“They put everything that has to do with harmful applications and social responsibility in the preamble of the policy. I don’t know how accountable you can hold someone to the preamble…instead of one of the really hard-hitting clauses within a policy that people are usually held more accountable to,” said Dooley.

According to Nikki Bozinoff, member of Demilitarize McGill and former Daily editor, the administration has long been overlooking the approval form required in the old policy.

“Slowly this checkbox form was being watered down…and at the same time, we received information from other campuses that the Vice President (Research) at McGill had been in contact with their administrations telling them that McGill didn’t have such a policy,” said Bozinoff.

Bozinoff was referring to a letter that Denis Thérien, McGill VP (Research and International Relations), wrote to Ted Hewitt, University of Western Ontario VP (Research & International Relations), after discussions on military-funded research that took place in October of 2007 among the Group of 13 VPs of Research.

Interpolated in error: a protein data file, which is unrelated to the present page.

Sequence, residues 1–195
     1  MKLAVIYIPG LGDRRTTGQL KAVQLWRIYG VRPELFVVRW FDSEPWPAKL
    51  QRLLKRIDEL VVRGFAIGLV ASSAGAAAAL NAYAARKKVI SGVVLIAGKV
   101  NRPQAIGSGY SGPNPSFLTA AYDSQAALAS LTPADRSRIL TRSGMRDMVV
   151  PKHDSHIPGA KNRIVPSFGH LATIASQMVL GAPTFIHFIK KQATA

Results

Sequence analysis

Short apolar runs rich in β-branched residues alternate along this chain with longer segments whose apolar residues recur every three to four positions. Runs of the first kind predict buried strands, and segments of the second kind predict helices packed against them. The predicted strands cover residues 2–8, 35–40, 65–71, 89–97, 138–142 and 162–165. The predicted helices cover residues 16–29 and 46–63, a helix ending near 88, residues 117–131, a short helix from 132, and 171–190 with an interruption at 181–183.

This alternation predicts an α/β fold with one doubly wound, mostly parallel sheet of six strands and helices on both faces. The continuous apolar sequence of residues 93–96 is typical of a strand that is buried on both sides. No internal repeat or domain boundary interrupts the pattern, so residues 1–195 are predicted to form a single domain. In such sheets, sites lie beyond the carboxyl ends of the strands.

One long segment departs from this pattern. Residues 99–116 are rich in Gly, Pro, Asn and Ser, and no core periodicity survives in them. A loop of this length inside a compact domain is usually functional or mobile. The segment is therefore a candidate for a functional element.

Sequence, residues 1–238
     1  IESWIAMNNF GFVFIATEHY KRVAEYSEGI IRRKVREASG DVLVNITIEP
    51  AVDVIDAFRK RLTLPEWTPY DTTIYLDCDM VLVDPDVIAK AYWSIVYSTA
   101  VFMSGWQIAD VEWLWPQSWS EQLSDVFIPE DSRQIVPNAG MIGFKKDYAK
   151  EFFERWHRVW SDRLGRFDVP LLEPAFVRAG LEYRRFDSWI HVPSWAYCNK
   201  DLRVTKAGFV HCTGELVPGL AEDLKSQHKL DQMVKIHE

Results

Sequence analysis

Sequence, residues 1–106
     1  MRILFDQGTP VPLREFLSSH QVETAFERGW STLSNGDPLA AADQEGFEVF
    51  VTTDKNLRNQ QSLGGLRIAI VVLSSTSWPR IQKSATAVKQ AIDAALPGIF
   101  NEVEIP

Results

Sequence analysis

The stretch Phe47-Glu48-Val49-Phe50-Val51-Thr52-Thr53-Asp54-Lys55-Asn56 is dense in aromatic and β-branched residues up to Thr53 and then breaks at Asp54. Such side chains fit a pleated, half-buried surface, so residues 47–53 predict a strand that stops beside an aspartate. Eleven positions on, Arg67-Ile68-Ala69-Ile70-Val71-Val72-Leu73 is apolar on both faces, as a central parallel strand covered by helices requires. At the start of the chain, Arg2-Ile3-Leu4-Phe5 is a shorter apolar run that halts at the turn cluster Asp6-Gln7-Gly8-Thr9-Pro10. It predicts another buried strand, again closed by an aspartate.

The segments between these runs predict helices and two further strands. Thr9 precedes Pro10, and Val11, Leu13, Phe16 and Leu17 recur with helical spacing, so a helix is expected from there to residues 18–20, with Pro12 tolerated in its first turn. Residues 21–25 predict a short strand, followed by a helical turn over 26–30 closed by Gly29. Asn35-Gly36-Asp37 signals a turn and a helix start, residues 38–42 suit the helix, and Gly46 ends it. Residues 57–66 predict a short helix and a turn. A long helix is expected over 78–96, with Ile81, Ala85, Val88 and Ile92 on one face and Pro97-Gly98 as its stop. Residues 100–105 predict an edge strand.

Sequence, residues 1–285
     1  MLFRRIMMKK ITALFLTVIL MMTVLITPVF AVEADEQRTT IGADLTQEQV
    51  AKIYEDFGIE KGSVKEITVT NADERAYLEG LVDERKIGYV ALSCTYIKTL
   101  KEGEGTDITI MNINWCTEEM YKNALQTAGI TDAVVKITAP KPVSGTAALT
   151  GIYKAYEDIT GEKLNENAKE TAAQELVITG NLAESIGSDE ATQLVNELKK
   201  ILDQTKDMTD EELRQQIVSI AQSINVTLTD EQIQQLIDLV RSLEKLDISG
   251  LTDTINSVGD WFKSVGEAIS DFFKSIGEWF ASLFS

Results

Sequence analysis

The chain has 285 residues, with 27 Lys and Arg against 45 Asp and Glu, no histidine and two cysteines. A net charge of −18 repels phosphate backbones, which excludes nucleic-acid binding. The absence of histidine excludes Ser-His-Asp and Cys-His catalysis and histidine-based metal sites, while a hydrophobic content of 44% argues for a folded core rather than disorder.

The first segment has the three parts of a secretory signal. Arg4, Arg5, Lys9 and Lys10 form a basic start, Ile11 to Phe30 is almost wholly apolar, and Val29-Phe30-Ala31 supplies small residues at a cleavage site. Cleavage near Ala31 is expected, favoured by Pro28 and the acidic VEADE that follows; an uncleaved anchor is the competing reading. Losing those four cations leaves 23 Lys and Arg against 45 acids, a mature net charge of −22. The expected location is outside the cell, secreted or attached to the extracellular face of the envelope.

“Based on our discussion, it was clear that…no institution currently undertakes, or is contemplating undertaking any formal assessment of military projects on ethical or other grounds not already stipulated by existing guidelines. Nor would we endorse the creation of any national body to establish guidelines for such a Process,” Thérien wrote in his letter. 
This letter reveals that the administration’s intentions to remove these clauses had developed more than two years prior to the current policy review – the same year Demilitarize McGill had exposed the thermobaric explosives research conducted by the Shockwave Physics Research Group in Mechanical Engineering. Thermobaric explosives have been used extensively by the U.S. military in Iraq and Afghanistan. 
According to Cleve Higgins, member of Demilitarize McGill, the administration has yet to make a public response regarding this ongoing research. Whenever discussions on military research have come up in the past, the administration would respond by listing positive research done using military funds, which includes research on prosthetic limbs and malaria prevention.